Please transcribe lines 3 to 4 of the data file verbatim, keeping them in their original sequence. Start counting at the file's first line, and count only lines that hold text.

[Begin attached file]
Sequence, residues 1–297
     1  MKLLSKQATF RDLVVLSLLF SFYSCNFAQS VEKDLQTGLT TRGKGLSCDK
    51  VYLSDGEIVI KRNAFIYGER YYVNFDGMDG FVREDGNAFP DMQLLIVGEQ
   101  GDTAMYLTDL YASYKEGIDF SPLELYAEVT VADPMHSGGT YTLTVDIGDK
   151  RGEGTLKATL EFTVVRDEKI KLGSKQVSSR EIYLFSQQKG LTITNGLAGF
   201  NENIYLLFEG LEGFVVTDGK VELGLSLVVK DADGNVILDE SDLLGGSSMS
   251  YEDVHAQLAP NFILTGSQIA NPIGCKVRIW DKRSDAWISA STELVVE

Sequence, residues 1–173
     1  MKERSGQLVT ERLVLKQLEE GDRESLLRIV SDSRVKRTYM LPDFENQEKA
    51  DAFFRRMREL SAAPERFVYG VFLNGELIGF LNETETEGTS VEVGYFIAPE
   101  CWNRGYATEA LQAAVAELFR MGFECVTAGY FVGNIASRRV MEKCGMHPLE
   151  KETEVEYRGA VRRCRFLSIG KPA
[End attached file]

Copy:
    51  VYLSDGEIVI KRNAFIYGER YYVNFDGMDG FVREDGNAFP DMQLLIVGEQ
   101  GDTAMYLTDL YASYKEGIDF SPLELYAEVT VADPMHSGGT YTLTVDIGDK